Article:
Technology which protects Formula One drivers in the event of a crash, has been used to create a safe environment for new-born babies needing emergency transportation.
Better known for its Formula One racing team, the advanced engineering arm of the Williams Group has designed and manufactured The Babypod 20 in collaboration with Advanced Healthcare Technology (AHT).
The hi-tech carbon fibre transport devices, which can withstand a 20 G-force crash, have been launched in Intensive Care Ambulances used at Great Ormond Street Hospital and run by the Children Acute Transport Service, who also advised on design requirements.
Transporting new-born infants requires a safe, secure and temperature regulated environment, which has previously required the use of heavy and cumbersome incubators. These devices not only require an electricity supply, which is not always readily available, but also dedicated vehicles costing health services more.
The Babypod 20 has been designed to provide the environment that a baby needs at a significantly reduced price of a standard transport incubator. Lightweight and easy to handle, Babypod 20 can attach to any transport stretcher whether on a trolley or in an ambulance, car or even helicopter.
Speaking about the project, Craig Wilson, Managing Director of WAE, commented: “The parallels between a Formula One car and transport device for babies may not be immediately apparent, but both demand a lightweight and strong structure that keeps the occupant safe in the event of an accident, and can monitor vital signs whilst remaining easily transportable and accessible.
“We have taken the existing Babypod product and worked with AHT to create a device that is not only more compact and user-friendly but, crucially, can be scaled up in its production so that more hospitals can benefit from this Formula One-inspired technology.”
In 2015, AHT approached WAE to create a new variant of its Babypod product that would fully utilise Formula One-inspired design characteristics and materials. WAE has significantly changed the design to reduce the weight and improve the crash test results of the Babypod.
Furthermore, accessibility has been improved with a slide and tilt mechanism to give greater ease of access for hospital staff. New, sleek styling has also been employed by the team.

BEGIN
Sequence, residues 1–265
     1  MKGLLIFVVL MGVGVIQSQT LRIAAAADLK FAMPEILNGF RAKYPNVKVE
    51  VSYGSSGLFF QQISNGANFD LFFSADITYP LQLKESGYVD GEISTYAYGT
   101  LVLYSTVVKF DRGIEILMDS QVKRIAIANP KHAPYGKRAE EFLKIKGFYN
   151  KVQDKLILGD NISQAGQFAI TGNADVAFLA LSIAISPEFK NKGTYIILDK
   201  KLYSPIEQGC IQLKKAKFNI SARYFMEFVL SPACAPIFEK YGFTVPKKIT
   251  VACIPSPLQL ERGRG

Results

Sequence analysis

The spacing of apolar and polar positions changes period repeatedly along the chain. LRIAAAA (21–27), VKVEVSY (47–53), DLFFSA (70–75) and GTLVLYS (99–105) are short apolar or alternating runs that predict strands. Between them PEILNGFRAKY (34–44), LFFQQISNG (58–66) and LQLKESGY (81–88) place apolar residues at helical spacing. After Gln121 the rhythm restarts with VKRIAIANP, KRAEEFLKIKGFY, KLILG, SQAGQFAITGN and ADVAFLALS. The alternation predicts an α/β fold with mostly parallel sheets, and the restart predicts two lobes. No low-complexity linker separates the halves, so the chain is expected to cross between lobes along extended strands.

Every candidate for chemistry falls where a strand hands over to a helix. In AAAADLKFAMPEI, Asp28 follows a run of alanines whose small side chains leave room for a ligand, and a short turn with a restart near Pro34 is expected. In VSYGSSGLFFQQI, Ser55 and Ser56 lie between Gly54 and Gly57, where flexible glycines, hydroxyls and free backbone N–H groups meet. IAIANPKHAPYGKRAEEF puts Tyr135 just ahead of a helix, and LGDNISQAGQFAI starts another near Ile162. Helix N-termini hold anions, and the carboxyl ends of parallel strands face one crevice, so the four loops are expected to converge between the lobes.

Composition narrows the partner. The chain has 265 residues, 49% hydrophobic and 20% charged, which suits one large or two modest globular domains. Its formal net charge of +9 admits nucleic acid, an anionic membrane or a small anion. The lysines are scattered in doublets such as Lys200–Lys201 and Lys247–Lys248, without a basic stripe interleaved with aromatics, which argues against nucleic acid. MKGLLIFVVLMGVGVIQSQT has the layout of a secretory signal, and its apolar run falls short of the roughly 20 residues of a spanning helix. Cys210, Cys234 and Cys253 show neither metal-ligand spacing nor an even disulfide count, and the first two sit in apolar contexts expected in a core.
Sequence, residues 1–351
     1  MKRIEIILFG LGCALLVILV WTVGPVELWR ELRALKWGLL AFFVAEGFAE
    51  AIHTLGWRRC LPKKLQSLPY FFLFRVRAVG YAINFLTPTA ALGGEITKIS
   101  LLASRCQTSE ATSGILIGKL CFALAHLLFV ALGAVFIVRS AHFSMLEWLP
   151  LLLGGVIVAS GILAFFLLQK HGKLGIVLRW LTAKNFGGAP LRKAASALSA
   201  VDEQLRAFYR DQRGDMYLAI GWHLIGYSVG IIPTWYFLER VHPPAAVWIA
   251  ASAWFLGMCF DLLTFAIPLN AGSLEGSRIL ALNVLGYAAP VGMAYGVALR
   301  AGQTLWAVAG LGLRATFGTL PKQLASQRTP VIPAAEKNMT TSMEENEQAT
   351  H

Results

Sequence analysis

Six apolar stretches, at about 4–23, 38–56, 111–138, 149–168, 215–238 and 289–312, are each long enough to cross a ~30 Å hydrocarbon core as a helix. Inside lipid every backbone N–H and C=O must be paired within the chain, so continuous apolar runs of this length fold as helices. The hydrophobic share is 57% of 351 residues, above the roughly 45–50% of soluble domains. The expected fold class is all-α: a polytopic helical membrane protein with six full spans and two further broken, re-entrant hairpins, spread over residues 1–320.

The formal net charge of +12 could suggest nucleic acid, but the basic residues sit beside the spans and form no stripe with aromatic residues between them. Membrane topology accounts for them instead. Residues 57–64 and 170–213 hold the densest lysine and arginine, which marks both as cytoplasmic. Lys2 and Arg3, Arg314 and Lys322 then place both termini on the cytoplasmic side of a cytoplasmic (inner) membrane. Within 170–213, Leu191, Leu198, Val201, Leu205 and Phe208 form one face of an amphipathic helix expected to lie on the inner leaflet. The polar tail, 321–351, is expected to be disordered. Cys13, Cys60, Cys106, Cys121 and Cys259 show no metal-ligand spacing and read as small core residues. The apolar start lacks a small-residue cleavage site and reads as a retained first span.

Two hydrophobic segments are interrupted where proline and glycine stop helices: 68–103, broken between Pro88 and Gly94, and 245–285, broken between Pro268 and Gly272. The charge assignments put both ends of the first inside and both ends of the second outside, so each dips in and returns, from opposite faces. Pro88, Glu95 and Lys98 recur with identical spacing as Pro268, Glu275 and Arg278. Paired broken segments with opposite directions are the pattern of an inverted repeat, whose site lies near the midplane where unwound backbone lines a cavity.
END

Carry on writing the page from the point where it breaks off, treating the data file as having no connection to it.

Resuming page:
The manufacture of the Babypod 20 will take place at the Williams headquarters in Grove, Oxfordshire and will utilise the same resources used to make the company’s Formula One cars each season. Crucially, Williams’ extensive experience in working with carbon fibre, and its strong supplier network, will allow a significant increase in the number of Babypod’s produced each year. This will mean that more hospitals and ultimately more new-borns will be able to benefit from this technology.
Mark Lait, the Design Director of Advanced Healthcare Technology, said: “Our focus over the last ten years has been to provide safe transport and occupancy devices for babies and small children. Assisting the talented teams of specialist Doctors, Nurses and Technicians to retrieve sick babies and transport them to the most suitable ‘centres of excellence’ for the life-saving treatment they require.
“As a UK company we are particularly pleased to have the opportunity to work with the designers and engineers at Williams, to develop this ‘next generation’ of BabyPods, and to harness their knowledge and skills to make this new model available. This design, with reduced weight and increased strength, has also delivered improved features of protection against vibration and noise and of course the dangers related to impact, which inevitably sometimes occur with medical vehicles traveling at speed.”
Eithne Polke, Operational Manager/Retrieval Coordinator for Children’s Acute Transport Service (CATS), has been part of the team working with Babypod 20 at Great Ormond Street Hospital. When asked about the Babypod, she said: “The CATS team control around 50% of London’s emergency movements, so fast and effective transportation in these situations is vitally important to saving lives.
“The new Babypod has an adapted design that allows for greater flexibility and manoeuvrability when moving critically ill infants from one mode of transport to another. Not only is the environment controlled at a constant temperature, but the visual opportunity afforded by the redesigned cover allows the baby to be constantly monitored and for better accessibility. Overall, we’re delighted with the updated Babypod design and safety features and believe it has made a big difference to our transportation processes.”